(With acknowledgements to "With a Machine Gun to Cambrai")
Back in 1999 I was a subscriber to a short-lived magazine called "Battlefields Review". One particular issue included an item about the Old Comrades Association of the Machine Gun Corps [MGC] and a proposal to write a history of the Corps. A request was made for information and photographs to assist the project.
I was researching the army service of my wife's grandfather at the time: James Cooper served with the Motor Machine Gun Service [MMGS] from 1915-1918. I made a note of the request and put it on one side meaning to get in touch and offer the project the photographs that the family had of Jim and his unit.
Naturally I forgot all about the request! When I was searching through my papers to prepare the talk I delivered about Jim Cooper at January Branch Meeting, I came across my note. Expecting to be told that I had "missed the boat", I emailed the given contact point in June 2008. I discovered that the history project was still progressing "although quite far from finishing", and that Jim's photographs would be welcome!
My contact was able to provide me with additional information on the MMGS, and more specifically, Jim's unit. He also told me about a group of people in the MGC Old Comrades Association who had set out to visit and photograph every MGC headstone and memorial in the world.
MGC personnel are buried in more than 30 countries around the world, the vast majority naturally being in France and Belgium. Over 16,000 MGC officers and men died during the Great War. About 9,500 are buried or commemorated in France, 3,500 in Belgium, 200 in Germany, 1,200 in the UK and more than 20 in Eire. Of the remainder, the largest concentrations are in Egypt, Greece, India, Iraq, Israel and Italy. Small numbers are located in 23 other countries.
By June 2008, the total number of MGC graves visited across the world had reached over 9,300 - more than half the total. In France and Belgium the total is almost 100%, in Greece 87%, Italy 75% and the UK 70%.
As a token of appreciation for the information I had been given, I offered to take some photos for the project. My first thought had been to see if there were any on the "most wanted" list in the areas to be visited on our Branch Field Trip. Learning that the graves remaining to be photographed in France were off the usual Western Front circuit, I looked at the UK areas still requiring visits.
One of our daughters and both of our grandchildren live near Chester and I discovered that there were some graves yet to be photographed in Cheshire.
From the list the Photographic Project Team supplied, I identified five graves that were within reach of our usual route to and from Chester, and I undertook to photograph these.
The Photographic Project Team were able to give me grave plot references at the four civilian cemeteries involved, and I wrote to the cemetery authorities to obtain the whereabouts of the plots within each site. One grave was located at St. Wilfrid's Parish Church in Davenham. They not only provided me with very precise directions to the grave, but also offered to take the photograph for me! This left me with four graves to find in three cemeteries.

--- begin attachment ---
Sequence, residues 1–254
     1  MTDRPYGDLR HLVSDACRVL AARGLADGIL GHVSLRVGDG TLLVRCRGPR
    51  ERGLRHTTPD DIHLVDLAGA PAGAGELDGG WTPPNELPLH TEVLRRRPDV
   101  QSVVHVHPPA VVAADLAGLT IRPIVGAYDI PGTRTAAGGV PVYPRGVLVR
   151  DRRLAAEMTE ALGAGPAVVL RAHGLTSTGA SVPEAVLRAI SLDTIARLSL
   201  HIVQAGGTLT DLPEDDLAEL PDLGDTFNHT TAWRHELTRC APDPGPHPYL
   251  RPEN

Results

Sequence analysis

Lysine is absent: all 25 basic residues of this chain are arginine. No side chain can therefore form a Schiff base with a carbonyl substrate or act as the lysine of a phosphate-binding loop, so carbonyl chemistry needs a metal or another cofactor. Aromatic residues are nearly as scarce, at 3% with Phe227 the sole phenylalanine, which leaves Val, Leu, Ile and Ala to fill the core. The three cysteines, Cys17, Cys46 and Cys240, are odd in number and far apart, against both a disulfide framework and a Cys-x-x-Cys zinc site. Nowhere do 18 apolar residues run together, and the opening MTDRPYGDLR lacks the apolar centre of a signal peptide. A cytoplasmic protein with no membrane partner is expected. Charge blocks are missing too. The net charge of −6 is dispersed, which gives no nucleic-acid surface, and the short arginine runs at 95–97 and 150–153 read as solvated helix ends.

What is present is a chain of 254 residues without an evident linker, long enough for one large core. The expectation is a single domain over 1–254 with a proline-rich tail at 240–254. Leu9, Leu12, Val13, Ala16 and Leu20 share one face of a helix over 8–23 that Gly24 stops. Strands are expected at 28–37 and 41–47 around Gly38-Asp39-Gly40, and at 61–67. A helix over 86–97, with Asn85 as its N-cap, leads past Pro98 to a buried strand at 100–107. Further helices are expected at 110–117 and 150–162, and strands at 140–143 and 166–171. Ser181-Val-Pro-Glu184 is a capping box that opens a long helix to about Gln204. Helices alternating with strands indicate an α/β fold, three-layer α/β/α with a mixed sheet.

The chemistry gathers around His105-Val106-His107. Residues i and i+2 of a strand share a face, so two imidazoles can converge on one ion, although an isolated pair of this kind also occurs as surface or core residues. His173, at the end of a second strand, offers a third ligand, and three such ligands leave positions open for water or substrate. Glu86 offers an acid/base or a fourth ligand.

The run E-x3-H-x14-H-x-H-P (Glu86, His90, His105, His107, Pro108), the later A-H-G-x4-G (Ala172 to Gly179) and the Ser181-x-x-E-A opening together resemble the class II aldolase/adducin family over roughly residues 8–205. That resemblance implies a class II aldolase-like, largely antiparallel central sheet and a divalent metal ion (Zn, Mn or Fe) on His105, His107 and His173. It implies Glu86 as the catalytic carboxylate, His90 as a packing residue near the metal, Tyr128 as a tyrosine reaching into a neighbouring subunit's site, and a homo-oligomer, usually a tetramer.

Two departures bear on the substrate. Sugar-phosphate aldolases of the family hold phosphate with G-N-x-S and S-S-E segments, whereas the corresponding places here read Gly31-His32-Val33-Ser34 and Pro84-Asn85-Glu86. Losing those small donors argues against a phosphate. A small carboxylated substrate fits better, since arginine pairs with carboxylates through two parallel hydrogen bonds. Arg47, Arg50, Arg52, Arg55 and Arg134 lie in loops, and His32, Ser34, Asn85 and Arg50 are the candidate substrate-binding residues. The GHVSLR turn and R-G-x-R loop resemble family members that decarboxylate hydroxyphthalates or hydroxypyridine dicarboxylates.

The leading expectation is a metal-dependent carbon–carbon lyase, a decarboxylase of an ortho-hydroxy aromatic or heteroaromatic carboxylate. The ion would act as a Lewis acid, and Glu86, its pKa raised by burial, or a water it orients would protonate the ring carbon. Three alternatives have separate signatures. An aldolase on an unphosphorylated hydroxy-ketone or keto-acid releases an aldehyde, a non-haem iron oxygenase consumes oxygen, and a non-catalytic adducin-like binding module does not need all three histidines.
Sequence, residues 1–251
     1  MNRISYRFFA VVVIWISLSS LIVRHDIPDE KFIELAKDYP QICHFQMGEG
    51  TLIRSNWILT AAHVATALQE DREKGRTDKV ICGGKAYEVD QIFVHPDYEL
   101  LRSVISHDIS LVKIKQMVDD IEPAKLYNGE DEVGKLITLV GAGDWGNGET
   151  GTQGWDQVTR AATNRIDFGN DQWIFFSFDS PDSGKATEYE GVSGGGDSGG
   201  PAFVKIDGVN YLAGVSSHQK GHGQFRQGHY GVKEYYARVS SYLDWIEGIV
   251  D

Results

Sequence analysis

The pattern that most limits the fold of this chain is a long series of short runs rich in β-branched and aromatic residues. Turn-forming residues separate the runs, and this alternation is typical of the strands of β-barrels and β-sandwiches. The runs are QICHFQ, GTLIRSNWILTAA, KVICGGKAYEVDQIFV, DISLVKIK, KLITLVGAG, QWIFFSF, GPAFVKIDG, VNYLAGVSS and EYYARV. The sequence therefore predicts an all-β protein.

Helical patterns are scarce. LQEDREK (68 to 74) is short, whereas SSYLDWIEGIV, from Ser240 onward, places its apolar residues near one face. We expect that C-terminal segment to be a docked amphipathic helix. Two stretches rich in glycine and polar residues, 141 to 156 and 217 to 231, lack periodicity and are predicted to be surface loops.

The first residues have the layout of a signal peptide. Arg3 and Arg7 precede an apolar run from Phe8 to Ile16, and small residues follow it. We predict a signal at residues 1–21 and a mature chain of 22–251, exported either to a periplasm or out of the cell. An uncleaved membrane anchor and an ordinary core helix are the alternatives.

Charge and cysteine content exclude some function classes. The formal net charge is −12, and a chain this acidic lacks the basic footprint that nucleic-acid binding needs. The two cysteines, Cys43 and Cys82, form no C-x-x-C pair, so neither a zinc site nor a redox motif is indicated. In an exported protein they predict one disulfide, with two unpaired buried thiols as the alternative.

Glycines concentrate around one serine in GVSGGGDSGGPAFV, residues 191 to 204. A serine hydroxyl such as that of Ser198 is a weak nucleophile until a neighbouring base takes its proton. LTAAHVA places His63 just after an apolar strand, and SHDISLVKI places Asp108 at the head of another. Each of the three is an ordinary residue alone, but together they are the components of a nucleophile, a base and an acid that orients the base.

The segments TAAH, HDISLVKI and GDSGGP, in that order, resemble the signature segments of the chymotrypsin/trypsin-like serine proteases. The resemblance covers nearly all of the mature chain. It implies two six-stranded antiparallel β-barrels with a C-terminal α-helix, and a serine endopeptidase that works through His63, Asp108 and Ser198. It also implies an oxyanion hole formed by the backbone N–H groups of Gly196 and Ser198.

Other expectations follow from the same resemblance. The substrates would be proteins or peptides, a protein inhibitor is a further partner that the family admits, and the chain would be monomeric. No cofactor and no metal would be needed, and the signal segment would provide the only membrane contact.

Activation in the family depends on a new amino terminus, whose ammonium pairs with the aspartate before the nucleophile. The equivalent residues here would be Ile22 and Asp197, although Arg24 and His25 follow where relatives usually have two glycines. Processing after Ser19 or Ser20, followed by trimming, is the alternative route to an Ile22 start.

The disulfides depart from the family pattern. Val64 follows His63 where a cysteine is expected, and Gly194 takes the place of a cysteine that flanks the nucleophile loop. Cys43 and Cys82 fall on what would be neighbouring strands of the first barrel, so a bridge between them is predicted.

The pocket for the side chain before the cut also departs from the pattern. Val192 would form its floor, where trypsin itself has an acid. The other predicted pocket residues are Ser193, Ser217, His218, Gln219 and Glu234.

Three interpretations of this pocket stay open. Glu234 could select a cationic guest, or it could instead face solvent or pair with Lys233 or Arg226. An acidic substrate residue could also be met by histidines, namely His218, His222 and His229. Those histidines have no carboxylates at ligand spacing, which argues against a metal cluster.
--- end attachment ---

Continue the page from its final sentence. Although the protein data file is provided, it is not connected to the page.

So it was in November that my wife and I were driving up the Wirral Peninsula in pouring rain to Wallasey and Rake Lane Cemetery. We arrived at the cemetery and the rain stopped. I found the two graves that I was seeking quite easily and took photographs. Both headstones appeared to be of CWGC design, but seemed to be cut from sandstone.
We next travelled to Flaybrick Cemetery at Birkenhead, and found our way down very narrow tracks to the area where the grave I sought was supposed to be located. The area was much overgrown. Although a couple of CWGC headstones were visible, neither marked the grave I was seeking. Then I noticed within the plot a memorial wall bearing the names of several Great War casualties including my man. After I had photographed the memorial we pressed on to the final cemetery on our itinerary.
Bebington Cemetery is very well ordered, but here again I was unable to locate an individual headstone. As I found at Flaybrick, the name I sought appeared on a memorial with other Great War casualties. With my last photograph taken, we started our journey home.
The manager of the Photo Project Team has since told me that there are many instances in the north of England and in the Birmingham area, where casualties are buried in what amounts to a communal grave, with their name recorded on a nearby "screen wall" or memorial. He did not know why this should be so, but suggested that space restrictions may have had something to do with it. He indicated that my experience at Birkenhead and Bebington came as no real surprise - "a photograph of the memorial with the name thereon is the best we can achieve."
At the time of writing there are still a number of graves to be photographed in England - but none south of Leicestershire so I am told.
Rod Arnold.